all promptly shot down by a glance

--> To lift the mockery the highest, consider:
The Stuarts threw orgies "en France"
which would also improve the rhyme, though it would kill the finale.

from the aspect of Oliver Cromwell.
The Hanovers did not salaam well;
though failing to read
their Edward Said
they studied the maps of Assam well.

-->The mention of Said is fun, but the rest of this stanza doesn't hang together very well for me, but that could be insufficient knowledge of this point of history on my part.

Subalterns now seek to repugn
the cutaneous damages done
in the glare of the glorious
reign of Victoria’s
halcyon day in the sun.

-->somehow I like glorious and Victoria’s

The Edwards grew limper and limper.
Elizabeth worked on her simper.
A poet once sang
that what starts with a bang
will go out in a definite whimper.

-->Although I wouldn't call Eliot's voice "singing", I dig the reference.

Hope this helps.
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  #5  
Unread 08-26-2019, 08:14 AM
Mark McDonnell Mark McDonnell is offline
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Hi Walter,

Quote:
I told myself I would stop writing poems like this, but
Resist that inner voice! This is great, clever, acidic fun.

So this is a limerick romp through the 'Kings and Queens of England' from William the Conqueror to the current Queen, with the focus (mainly) on their Empire building and colonialism. Sometimes that doesn't quite seem the focus, like with the third one about the Stuarts, but then I suppose the link is that the Ottoman Empire was instrumental in the Renaissance, so the English monarchy is riding 'on the tails' of that — taking, or appropriating, from 'the East' after attempting to conquer and subjugate it. Is that close?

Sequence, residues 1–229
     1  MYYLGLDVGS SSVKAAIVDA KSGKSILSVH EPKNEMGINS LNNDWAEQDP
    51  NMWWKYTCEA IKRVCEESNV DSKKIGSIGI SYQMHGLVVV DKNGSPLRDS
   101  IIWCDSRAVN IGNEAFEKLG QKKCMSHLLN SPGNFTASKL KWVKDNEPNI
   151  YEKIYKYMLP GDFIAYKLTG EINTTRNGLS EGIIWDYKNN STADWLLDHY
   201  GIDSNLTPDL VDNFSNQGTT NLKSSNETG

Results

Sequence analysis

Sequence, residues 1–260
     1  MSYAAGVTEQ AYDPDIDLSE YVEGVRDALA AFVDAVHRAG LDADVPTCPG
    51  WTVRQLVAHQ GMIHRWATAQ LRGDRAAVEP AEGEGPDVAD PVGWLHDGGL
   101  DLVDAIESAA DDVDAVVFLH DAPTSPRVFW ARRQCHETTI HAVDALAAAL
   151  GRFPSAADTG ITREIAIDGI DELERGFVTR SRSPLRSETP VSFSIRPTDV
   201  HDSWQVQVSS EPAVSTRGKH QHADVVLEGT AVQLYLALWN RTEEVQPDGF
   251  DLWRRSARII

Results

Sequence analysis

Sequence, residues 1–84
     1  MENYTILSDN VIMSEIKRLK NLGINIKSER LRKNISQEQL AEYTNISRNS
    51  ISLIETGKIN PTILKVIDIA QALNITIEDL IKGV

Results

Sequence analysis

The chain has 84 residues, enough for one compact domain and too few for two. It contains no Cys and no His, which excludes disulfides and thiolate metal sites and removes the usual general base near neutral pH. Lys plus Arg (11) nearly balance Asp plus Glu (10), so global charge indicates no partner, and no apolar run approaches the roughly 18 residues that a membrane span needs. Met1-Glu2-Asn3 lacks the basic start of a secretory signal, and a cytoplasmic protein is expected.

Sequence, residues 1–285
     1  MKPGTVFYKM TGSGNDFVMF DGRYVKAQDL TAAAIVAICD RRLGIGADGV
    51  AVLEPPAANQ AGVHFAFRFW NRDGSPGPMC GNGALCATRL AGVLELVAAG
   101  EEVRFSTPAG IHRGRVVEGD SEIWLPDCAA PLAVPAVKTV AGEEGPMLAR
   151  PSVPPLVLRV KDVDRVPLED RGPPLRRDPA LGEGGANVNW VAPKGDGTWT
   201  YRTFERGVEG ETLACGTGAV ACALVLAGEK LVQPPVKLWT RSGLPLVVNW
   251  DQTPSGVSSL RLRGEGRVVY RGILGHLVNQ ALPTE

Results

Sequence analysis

You enjamb between stanzas from 3 to 4, which threw me on my first couple of reads. Sloppy reading perhaps, but I suppose as a reader I'm so used to limericks being discrete units that my eye just slid over the lack of punctuation and capitalisation between the two. Once it clicked I liked it and I think the pause there could be fun in performance. In fact the feminine endings make this my favourite, I think, because I just like feminine endings in limericks and the rhymes are great here.

Really enjoyed it.

Edit: can you link to the missing one, somehow? Your note made me smile and I wondered for a second if you were pulling our collective leg. But knowing your stuff I have no doubt of the stanza's existence as you describe.
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  #6  
Unread 08-27-2019, 12:37 AM
Andrew Frisardi Andrew Frisardi is offline
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This is well done, though a string of limericks doesn’t appeal to me. I find the repetitive rhythm monotonous in large doses.

Much enjoyed the rhymes and the proper names worked in.

A couple of questions:

At the beginning, “off of their list” definitely is not idiomatic for me, so the “of” feels like padding.

At the end, maybe “what might be a bang / ends up as less than a whimper”? That would echo the Eliot quote more closely, though maybe you wanted just that effect of playing with the context of “bang.” "Definite" seems like padding.
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  #7  
Unread 08-28-2019, 10:10 AM
Orwn Acra's Avatar
Orwn Acra Orwn Acra is offline